From appendectomy to walletectomy; Why you need to act like a consumer with medical costs.
Why does medical care have to cost so much? Is it because they just make it that way or is there a justification to the high fees of hospitalization, emergency room visits and doctor charges?
Most of us who have visited a hospital or an emergency room for things as simple as stitches have been handed egregious bills for the facility and an equally ridiculous bill for the doctors 20 minutes of care. If you were able to understand and shop this to get the best price for an equal service, and found that the price in the ER was $950 for the hour but at the local clinic which was run by former ER doctors would do the same service for around $200, would you still go to the ER. What if you required an simple appendectomy and the local hospital with doctor fees and the three night stay was going to charge you 39 thousand dollars, while another hospital which was about an hour away would charge $16 thousand for the exact same procedure and hospital stay. If you had been in an insurance plan, the 16 thousand dollar bill may have been whittled down to 7,000 including the doctors fees. You may however find that the bills continue to come because some of the doctors were not in your network.
I even had a situation recently many of you could relate to, where I had a cavity that required a cap and a root canal. The cap was not cheap, but the hour’s worth of work by the endodontist who took me under duress because I needed to get the work done that day charged $1600 for the hour, cash, check or charge thank you! Even though he was up front with his fee, I was sitting in the office with a numb mouth and needed to get it done, because when you run your own business like I do, it would cost me much more not being able to work and this guy knows it.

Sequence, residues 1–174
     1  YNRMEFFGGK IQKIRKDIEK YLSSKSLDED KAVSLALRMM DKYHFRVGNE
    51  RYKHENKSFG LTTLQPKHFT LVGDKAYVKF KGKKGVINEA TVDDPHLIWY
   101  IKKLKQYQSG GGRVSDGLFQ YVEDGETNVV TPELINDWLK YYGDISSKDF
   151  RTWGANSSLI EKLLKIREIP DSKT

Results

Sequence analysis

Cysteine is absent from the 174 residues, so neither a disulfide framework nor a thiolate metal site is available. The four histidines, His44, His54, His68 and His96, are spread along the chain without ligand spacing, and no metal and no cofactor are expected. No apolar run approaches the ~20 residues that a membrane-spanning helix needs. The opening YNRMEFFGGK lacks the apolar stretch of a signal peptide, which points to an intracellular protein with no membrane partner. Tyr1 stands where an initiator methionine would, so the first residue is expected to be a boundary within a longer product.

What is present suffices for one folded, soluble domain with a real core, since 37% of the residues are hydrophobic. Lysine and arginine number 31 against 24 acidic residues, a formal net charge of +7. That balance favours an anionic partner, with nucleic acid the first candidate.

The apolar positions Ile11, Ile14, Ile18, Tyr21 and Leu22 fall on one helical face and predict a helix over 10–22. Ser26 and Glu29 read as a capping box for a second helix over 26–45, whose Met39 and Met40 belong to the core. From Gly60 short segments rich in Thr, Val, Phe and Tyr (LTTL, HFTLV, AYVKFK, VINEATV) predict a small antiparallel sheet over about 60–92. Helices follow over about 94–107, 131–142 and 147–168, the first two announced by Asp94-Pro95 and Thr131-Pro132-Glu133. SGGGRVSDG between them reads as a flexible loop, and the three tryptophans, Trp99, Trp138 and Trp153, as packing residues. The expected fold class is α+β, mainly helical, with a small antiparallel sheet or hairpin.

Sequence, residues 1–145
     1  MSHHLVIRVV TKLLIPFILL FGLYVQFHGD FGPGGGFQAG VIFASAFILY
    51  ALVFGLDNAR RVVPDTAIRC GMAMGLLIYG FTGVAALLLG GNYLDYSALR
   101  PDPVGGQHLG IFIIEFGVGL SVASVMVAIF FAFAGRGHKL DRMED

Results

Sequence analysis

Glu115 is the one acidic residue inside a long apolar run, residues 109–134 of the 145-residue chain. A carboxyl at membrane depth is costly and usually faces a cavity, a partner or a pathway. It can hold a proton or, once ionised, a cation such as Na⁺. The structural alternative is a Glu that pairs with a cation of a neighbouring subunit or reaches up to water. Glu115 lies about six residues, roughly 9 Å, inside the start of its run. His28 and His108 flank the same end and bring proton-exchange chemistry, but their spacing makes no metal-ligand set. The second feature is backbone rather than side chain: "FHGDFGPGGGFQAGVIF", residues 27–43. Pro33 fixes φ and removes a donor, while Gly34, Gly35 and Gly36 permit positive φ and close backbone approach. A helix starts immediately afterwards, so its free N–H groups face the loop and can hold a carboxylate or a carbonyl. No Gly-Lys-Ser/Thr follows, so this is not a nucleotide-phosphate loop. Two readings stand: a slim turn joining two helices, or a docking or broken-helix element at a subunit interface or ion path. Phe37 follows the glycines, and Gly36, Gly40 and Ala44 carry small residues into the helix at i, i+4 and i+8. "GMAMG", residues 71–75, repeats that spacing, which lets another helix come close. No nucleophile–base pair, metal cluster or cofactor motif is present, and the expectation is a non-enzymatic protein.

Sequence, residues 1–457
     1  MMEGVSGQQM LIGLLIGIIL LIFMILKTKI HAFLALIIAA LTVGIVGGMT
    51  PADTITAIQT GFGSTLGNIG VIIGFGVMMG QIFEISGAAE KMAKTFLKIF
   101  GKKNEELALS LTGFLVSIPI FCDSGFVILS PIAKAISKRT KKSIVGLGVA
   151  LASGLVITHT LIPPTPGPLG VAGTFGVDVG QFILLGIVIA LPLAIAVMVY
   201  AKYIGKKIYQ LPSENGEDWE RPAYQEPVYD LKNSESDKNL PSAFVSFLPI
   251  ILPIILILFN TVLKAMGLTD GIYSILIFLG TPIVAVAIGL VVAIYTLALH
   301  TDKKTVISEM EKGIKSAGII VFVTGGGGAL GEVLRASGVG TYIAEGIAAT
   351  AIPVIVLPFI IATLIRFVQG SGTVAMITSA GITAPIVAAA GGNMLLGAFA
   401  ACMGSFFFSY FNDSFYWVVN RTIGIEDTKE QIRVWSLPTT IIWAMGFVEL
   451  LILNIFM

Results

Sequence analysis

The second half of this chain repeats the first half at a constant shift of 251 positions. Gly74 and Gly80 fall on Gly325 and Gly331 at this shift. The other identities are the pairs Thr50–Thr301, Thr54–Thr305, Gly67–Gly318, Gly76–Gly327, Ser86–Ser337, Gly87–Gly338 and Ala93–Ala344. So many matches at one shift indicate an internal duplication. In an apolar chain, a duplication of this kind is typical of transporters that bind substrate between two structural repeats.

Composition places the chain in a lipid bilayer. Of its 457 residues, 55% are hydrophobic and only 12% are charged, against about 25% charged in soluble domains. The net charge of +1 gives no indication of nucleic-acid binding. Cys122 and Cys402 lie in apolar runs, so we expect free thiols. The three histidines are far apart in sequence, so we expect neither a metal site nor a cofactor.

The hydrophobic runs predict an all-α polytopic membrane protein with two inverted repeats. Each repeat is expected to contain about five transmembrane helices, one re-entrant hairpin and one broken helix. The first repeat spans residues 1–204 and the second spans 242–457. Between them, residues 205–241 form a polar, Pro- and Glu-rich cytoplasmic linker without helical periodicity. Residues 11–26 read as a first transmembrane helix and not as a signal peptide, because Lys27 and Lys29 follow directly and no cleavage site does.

The problem with pricing health care is that when things go wrong, we rarely use our consumer instincts and price things down. The system, including doctors and the hospitals have no transparency to allow us to be good consumers. If you require proof, try pricing out the camera you wanted. Many merchants will list their price and you can do your research and buy. With regards to health care issues, with you in discomfort and perhaps fear, try going on to your computer and doing the same thing; you can’t.
To make matters worse, unless you belong to a PPO or HMO, and stay in their network, you have little control unless you negotiate the cost up front. This is hard to do when you are scared or sick.